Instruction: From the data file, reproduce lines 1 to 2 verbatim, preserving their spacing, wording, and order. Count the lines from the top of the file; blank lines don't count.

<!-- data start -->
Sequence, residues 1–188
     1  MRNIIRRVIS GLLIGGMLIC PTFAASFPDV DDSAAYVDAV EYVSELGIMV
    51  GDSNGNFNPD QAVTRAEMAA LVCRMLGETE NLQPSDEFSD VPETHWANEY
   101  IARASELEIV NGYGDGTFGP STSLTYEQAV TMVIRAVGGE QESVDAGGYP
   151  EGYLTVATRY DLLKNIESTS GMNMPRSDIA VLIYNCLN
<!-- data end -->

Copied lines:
Sequence, residues 1–188
     1  MRNIIRRVIS GLLIGGMLIC PTFAASFPDV DDSAAYVDAV EYVSELGIMV